"The financing markets‚for good‚chemicals‚properties‚are‚in‚good‚shape‚and‚relatively‚cheap," Zachariades says.‚ Despite this, in order to invest, GPs have to come with greater technical understanding of the industry than they might otherwise.‚ This makes for limited competition among firms but also stiffer competition overall.

The role of private equity in the industry has also changed, Zachariades notes. Early on, private equity may have been more focused on fixing, IPOing, or selling the business, but now much of that has changed.

"Private equity‚sometimes‚gets a bad rap,‚particularly in Europe, but‚that attitude is very old.‚There was a time‚long ago‚when private equity‚had a reputation as an asset stripper and cost cutter, but‚the attitude of private equity‚today‚is what can we do with this company to improve‚and grow‚it," he says.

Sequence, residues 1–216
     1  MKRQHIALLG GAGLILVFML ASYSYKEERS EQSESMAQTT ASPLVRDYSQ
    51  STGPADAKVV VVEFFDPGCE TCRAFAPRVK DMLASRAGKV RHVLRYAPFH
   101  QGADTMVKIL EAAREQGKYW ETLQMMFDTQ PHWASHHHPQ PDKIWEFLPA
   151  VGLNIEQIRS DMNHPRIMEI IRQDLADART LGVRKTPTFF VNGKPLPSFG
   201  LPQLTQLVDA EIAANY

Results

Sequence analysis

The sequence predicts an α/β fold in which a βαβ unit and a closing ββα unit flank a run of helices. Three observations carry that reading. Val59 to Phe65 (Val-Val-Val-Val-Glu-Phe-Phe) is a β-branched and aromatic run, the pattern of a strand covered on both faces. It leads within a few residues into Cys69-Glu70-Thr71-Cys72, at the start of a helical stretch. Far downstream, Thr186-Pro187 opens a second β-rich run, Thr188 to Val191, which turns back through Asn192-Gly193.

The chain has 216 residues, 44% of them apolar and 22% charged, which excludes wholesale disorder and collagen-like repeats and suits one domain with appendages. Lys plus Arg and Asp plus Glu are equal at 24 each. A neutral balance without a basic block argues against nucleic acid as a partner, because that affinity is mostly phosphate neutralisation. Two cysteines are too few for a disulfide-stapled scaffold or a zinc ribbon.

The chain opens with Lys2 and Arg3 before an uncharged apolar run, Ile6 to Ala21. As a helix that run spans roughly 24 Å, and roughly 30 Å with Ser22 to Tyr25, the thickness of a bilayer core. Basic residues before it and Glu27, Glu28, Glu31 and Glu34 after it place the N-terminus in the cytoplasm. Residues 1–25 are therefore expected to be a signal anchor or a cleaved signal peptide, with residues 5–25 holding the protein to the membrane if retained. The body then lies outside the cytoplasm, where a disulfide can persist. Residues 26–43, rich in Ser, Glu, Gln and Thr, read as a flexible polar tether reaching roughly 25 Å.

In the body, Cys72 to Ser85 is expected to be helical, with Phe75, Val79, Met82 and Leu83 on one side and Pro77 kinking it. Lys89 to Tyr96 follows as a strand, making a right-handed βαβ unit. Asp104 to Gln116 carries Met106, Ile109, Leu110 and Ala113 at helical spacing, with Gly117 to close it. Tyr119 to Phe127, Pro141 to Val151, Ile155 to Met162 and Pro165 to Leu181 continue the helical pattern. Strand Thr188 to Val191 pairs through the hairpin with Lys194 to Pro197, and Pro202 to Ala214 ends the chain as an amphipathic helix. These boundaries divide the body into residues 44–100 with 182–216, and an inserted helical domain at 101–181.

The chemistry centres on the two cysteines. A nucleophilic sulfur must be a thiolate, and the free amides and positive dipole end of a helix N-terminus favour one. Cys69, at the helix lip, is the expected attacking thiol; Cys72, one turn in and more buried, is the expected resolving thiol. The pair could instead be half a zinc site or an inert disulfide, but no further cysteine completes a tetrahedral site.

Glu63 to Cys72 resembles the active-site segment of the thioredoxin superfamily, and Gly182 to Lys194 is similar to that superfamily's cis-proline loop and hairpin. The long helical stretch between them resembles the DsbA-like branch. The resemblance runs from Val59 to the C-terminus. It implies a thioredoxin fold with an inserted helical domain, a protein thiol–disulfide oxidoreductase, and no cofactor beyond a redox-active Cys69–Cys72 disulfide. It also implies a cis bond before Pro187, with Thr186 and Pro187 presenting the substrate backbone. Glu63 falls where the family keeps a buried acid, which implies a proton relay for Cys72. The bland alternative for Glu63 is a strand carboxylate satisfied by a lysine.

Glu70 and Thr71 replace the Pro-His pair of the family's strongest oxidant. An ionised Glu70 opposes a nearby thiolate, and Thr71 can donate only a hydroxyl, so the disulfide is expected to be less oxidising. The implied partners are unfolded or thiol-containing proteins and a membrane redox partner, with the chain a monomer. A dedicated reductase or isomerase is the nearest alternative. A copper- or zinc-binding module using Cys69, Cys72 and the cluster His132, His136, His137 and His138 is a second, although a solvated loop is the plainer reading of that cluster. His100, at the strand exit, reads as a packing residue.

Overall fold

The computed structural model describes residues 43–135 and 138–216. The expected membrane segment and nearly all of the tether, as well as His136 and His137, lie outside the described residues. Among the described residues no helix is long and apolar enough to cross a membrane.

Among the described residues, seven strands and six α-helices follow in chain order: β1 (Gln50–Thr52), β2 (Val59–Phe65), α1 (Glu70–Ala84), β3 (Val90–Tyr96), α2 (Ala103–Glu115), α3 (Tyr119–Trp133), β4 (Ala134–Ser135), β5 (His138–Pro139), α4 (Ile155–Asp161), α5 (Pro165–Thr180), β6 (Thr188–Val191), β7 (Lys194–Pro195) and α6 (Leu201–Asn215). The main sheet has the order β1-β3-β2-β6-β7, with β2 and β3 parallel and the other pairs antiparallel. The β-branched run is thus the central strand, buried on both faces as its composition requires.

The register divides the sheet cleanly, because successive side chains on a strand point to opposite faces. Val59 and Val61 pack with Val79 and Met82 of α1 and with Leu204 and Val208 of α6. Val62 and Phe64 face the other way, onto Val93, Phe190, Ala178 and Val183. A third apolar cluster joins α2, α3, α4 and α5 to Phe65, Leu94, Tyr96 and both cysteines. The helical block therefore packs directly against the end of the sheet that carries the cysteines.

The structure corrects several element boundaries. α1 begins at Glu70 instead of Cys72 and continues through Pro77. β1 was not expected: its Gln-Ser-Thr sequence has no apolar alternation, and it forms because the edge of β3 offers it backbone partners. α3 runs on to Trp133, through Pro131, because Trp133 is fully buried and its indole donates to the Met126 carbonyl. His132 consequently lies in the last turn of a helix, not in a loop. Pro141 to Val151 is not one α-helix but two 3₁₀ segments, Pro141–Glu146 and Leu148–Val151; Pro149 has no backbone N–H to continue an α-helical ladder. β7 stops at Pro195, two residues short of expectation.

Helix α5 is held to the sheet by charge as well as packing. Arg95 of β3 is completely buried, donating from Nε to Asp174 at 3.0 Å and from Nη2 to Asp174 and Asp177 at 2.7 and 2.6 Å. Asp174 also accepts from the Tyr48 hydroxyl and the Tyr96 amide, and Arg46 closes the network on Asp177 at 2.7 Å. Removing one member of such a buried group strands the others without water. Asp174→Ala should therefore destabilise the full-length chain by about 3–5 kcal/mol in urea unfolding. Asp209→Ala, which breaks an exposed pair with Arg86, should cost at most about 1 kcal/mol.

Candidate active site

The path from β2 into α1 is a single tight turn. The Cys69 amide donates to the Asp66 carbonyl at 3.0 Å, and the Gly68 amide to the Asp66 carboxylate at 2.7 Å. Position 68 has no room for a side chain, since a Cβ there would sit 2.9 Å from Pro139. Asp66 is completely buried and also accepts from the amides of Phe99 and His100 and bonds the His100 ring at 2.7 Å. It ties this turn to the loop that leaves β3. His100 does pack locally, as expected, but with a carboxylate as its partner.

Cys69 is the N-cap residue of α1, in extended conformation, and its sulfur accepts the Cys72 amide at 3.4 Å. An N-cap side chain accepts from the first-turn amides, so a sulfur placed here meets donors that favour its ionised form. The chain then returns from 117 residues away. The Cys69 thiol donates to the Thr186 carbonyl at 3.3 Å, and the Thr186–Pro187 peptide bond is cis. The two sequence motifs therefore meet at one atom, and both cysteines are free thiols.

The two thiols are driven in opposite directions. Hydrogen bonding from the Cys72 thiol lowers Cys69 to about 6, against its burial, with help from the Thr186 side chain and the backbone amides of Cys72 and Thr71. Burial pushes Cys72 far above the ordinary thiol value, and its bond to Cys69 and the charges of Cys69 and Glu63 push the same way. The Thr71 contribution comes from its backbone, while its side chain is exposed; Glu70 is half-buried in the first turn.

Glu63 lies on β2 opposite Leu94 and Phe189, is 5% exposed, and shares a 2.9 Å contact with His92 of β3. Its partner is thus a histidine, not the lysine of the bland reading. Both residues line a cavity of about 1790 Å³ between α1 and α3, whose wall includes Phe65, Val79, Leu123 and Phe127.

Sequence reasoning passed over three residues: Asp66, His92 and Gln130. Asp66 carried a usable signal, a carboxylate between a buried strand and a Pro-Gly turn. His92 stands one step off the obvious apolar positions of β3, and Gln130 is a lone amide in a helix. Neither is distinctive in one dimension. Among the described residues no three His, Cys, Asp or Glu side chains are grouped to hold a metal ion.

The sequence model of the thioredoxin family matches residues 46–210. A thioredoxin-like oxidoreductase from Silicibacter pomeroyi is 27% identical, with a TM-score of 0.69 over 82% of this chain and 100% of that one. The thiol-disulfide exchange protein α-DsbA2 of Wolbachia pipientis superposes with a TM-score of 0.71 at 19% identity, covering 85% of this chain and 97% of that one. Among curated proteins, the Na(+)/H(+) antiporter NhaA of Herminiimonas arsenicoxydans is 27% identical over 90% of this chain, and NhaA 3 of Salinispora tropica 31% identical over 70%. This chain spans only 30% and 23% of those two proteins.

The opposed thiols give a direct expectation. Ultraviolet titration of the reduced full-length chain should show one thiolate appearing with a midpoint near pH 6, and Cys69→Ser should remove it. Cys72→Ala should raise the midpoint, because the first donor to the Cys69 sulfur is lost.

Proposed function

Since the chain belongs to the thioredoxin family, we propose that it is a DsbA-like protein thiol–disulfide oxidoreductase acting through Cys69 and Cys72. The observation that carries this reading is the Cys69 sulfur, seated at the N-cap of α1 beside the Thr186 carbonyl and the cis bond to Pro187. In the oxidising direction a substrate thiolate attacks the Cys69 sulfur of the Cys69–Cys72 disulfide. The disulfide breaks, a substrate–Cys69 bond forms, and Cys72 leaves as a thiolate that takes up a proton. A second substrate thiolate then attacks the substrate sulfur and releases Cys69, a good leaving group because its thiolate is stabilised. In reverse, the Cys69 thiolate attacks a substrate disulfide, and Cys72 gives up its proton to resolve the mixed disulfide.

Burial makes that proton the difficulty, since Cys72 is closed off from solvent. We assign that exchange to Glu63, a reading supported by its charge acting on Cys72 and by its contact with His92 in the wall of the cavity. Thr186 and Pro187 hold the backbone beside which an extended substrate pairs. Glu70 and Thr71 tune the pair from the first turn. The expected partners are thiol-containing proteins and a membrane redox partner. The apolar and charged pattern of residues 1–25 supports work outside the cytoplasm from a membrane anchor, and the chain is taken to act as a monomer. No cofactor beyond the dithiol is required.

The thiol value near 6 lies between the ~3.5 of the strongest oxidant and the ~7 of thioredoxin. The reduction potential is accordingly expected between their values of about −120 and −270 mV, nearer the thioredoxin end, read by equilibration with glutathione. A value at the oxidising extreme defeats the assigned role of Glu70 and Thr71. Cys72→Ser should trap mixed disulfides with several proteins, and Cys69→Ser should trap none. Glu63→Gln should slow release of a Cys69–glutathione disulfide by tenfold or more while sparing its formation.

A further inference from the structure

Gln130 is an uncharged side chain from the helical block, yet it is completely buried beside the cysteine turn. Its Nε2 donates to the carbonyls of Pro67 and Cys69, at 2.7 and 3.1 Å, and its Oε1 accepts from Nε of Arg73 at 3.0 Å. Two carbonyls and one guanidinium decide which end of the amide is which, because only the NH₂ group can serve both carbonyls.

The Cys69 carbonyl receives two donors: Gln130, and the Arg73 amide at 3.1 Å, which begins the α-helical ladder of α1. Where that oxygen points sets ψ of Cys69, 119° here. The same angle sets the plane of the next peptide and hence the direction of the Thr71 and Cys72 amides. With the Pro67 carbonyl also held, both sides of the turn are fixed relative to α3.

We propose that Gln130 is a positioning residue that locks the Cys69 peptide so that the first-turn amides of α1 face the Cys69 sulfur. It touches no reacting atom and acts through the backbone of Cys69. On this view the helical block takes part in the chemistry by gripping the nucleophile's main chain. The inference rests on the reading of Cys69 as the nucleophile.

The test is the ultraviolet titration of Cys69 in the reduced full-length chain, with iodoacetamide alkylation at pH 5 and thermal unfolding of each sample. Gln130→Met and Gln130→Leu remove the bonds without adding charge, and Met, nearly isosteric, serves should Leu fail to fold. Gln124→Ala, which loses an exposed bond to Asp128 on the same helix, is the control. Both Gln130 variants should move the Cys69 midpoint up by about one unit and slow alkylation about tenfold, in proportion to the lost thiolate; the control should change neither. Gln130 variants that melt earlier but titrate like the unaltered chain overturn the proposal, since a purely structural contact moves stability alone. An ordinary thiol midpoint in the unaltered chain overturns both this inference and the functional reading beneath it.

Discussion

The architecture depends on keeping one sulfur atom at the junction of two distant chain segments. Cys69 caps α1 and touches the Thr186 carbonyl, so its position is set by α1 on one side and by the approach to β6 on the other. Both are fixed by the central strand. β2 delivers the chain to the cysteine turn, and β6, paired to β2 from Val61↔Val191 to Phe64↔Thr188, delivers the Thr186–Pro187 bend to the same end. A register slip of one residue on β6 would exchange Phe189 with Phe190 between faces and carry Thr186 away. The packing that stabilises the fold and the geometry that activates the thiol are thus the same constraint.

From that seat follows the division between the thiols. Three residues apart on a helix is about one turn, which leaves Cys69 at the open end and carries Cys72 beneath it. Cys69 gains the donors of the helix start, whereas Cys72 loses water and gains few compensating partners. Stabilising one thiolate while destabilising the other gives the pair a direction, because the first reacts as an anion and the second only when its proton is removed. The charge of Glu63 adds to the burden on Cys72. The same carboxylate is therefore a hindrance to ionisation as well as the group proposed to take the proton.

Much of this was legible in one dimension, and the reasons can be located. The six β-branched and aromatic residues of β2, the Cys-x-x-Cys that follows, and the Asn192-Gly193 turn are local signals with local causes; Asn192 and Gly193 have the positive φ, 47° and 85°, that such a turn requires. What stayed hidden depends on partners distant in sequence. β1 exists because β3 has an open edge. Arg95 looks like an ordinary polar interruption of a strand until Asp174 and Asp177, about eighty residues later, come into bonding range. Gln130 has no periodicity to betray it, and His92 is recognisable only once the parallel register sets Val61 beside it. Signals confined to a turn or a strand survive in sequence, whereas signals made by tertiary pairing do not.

Now private equity firms are more focused on growing their businesses rather than going to the IPO market. Some of that has to do with cost. According to Zachariades, companies need to be sizable, with an EBITDA north of $100m to justify an IPO.‚ This reality means that companies and GPs alike are redefining what it means to add value, and grow in the space.‚ Today, fixing broken businesses or consolidating niche areas are finding more favor.

Geographies can also provide opportunity - Asia is a rapidly growing region for chemicals M&A, and is on pace to continue attracting firms as those economies grow. "One third of the M&A activity now is coming out of Asia, in about five years I expect it will be half," Zachariades said.

 
This article was published in Opalesque's Private Equity Strategies our monthly research update on the global private equity landscape including all sectors and market caps.
Private Equity Strategies
Private Equity Strategies
Private Equity Strategies


Today's Exclusives Today's Other Voices More Exclusives
Previous Opalesque Exclusives                                  
More Other Voices
Previous Other Voices                                               
Access Alternative Market Briefing


  • Top Forwarded